Held at: Philadelphia University: Paul J. Gutman Library, Special Collections [Contact Us]4201 Henry Avenue, Philadelphia, PA, 19144
This is a finding aid. It is a description of archival material held at the Philadelphia University: Paul J. Gutman Library, Special Collections. Unless otherwise noted, the materials described below are physically available in their reading room, and not digitally available through the web.
Overview and metadata sections
William Whitaker and Sons was one of the oldest Philadelphia textile mills. Henry Whitaker had founded the firm of Whitaker and Sons in Rochdale, England, in 1796. He visited the United States in 1807 and returned in 1809 to relocate the business to Hudson, N.Y. In 1813 he again relocated to Philadelphia, where he established the Cedar Grove Mills on Tacony Creek. Henry Whitaker retired in 1822 and was succeeded by his sons Robert and William. They in turn sold out to their cousin, William Whitaker, who continued to operate the business as William Whitaker and Sons.
William Whitaker died in 1878 and was succeeded by his sons. Eventually, one of them, James Whitaker, became sole owner. The business remained in the Whitaker family for six generations. It was incorporated as William Whitaker & Sons, Incorporated, on September 30, 1946.
The Cedar Grove Mills came to specialize in mattress ticking, which was the principal product line from the 1840s until World War II. During the Civil War the firm manufactured woolen blankets for the war effort. In 1876 the Whitakers expanded into carpet manufacture through the purchase of the Tremont Carpet Mills in Frankford. The Whitaker firm sold directly to retailers, particularly to the retail store, Boyd, White & Co.
After World War II the firm went into decline as the mattress ticking business moved south. The mills were organized by the Textile Workers Union of America (AFL-CIO) in 1943. They closed for the last time in 1970.
The William Whitaker and Sons, Incorporated records house a small portion of the records of the aforementioned company. The collection dates from 1921-1977, with bulk dates of 1930 to 1964. This collection consists mostly of financial reports, graphs, and a map of the Cedar Grove Mills. This collection is very small, but provides evidence for the financial organization of the company, and for some of its early history, as well as to provide context for the overall textile industry in Philadelphia in the 20th century.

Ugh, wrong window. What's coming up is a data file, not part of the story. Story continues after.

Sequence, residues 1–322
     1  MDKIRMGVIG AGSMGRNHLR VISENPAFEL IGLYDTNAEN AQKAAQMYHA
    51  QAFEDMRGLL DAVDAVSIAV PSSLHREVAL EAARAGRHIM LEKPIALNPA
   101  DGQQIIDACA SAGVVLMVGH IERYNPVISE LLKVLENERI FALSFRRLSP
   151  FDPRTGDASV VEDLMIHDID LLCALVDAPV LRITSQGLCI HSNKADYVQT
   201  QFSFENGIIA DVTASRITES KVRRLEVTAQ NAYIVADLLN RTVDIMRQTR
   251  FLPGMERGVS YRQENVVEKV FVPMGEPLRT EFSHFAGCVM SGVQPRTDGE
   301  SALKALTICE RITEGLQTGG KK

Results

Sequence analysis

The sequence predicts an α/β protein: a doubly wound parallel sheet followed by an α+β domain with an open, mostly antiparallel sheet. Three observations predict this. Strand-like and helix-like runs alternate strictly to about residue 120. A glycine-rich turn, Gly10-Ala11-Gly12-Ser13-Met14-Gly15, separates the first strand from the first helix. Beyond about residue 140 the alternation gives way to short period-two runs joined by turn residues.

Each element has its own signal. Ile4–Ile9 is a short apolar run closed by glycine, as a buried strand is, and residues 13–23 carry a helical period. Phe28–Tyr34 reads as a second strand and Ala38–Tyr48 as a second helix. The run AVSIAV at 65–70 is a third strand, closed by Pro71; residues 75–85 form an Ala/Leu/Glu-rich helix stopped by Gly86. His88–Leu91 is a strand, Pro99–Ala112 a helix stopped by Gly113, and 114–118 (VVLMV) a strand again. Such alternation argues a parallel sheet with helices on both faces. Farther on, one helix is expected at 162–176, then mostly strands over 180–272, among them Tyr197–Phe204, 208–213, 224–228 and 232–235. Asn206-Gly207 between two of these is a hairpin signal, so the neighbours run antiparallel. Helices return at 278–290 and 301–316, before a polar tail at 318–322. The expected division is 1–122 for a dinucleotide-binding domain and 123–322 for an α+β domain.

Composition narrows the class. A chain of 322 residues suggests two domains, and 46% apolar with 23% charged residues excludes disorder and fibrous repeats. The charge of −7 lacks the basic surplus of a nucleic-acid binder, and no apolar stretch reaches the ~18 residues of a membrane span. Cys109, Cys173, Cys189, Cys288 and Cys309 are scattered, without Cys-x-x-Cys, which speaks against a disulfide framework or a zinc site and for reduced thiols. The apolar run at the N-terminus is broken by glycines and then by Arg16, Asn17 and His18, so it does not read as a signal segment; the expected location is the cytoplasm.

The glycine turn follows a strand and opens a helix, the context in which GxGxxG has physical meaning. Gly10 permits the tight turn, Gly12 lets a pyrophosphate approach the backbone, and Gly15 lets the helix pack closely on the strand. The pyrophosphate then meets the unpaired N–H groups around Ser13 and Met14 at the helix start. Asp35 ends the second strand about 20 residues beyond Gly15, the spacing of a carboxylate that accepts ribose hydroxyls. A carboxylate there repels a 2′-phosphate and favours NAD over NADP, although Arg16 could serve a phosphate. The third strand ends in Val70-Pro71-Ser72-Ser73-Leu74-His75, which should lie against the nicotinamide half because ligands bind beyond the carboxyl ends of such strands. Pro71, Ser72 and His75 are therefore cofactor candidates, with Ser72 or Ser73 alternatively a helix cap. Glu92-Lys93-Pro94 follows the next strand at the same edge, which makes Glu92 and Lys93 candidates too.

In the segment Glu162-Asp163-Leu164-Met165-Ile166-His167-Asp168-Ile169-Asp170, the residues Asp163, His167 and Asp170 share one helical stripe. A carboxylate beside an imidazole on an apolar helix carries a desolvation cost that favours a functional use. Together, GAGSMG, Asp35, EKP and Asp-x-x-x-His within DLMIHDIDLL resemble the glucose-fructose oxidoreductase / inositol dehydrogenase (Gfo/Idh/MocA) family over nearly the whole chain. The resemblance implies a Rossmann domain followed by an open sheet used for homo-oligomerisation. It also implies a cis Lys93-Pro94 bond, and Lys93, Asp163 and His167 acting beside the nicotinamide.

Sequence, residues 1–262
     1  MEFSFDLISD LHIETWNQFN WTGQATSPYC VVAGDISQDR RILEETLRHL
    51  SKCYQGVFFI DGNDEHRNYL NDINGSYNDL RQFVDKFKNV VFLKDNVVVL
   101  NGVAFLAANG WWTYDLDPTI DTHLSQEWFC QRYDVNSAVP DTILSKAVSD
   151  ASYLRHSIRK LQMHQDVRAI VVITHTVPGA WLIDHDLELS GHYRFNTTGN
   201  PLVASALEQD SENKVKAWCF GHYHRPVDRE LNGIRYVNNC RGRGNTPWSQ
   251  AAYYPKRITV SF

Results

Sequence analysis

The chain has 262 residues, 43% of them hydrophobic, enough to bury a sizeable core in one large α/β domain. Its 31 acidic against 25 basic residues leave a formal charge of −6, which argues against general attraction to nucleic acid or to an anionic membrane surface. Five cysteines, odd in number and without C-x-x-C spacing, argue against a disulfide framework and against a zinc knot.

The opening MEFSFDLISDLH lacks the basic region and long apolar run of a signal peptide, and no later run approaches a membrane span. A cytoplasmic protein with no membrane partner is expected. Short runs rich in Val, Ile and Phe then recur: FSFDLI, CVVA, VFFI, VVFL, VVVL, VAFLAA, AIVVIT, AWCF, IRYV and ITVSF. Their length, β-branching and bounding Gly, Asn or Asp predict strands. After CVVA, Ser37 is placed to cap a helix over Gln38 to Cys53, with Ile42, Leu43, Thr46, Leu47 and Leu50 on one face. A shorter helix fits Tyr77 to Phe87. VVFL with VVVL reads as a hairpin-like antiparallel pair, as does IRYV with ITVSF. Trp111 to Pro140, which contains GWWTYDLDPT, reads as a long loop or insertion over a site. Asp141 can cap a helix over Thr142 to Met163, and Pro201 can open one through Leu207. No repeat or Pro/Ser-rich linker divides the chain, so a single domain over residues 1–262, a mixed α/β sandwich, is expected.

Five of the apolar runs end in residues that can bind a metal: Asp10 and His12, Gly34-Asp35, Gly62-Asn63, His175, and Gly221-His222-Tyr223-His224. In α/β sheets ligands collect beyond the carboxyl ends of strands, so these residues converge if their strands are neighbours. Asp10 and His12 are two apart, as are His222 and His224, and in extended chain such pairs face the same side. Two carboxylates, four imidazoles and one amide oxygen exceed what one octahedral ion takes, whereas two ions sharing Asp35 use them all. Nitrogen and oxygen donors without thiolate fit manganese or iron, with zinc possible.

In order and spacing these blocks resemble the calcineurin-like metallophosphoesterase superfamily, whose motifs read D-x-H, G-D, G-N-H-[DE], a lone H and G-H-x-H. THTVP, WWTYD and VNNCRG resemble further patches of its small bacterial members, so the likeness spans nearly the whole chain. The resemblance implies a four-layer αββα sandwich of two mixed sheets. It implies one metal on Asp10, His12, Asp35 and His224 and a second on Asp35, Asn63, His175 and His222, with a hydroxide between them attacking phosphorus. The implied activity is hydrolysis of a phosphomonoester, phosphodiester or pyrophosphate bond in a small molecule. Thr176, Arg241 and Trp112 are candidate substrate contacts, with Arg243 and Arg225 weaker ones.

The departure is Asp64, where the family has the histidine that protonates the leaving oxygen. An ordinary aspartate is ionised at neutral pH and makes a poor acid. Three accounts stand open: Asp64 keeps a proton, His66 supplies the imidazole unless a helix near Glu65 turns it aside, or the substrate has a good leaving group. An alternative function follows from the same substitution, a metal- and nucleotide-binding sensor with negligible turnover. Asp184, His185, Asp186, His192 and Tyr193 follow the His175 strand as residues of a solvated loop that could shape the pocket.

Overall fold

This collection is arranged into one series: Series “I. Business records, 1921-1977, bulk dates 1930-1964.”
Series “I. Business records” dates from 1921 to 1977 with bulk dates of 1930 to 1964. This series is primarily composed of financial records, such as audit reports and statements, machinery and supply cost lists, and graphs. It also includes clippings and writings regarding company history, a Cedar Grove Mills map, and production samples and swatches. This series is arranged chronologically.
Although this collection is very small, it does provide a snapshot of the organization of a textile manufacturer in Philadelphia in the 20th century, and would be helpful in supplementing information about the trade. The production charts and swatch samples, in addition to the map of the Cedar Grove Mills, provide visual and tactile evidence of the company’s dealings as well. Combined with other collections regarding the textile industry in Philadelphia, this collection helps to highlight the influence and importance of the trade to the region’s industry.
The processing of this collection was made possible through generous funding from The Andrew W. Mellon Foundation, administered through the Council on Library and Information Resources’ “Cataloging Hidden Special Collections and Archives” Project.
This collection was minimally processed in 2013-2014, as part of an experimental project conducted under the auspices of the Philadelphia Area Consortium of Special Collections Libraries to help eliminate processing backlog in Philadelphia repositories. A minimally processed collection is one processed at a less intensive rate than traditionally thought necessary to make a collection ready for use by researchers. When citing sources from this collection, researchers are advised to defer to folder titles provided in the finding aid rather than those provided on the physical folder.
Employing processing strategies outlined in Mark Greene's and Dennis Meissner's 2005 article "More Product, Less Process: Revamping Traditional Processing Approaches to Deal With Late 20th-Century Collections," the project team tested the limits of minimal processing on collections of all types and ages in 16 Philadelphia area repositories. A primary goal of the project, the team processed at an average rate of 4 hours per linear foot of records, a fraction of the time ordinarily reserved for the arrangement and description of collections. Among other time saving strategies, the project team did not extensively review the content of the collections or complete any preservation work.
- Philadelphia University: Paul J. Gutman Library, Special Collections
- Finding Aid Author
- Finding aid prepared by Annalise Berdini
- The creation of the electronic guide for this collection was made possible through generous funding from The Andrew W. Mellon Foundation, administered through the Council on Library and Information Resources’ “Cataloging Hidden Special Collections and Archives” Project.
- Access Restrictions
This collection is open for research use.
- Use Restrictions
Copyright restrictions may apply. Please contact the Archives with requests for copying and for authorization to publish, quote or reproduce the material.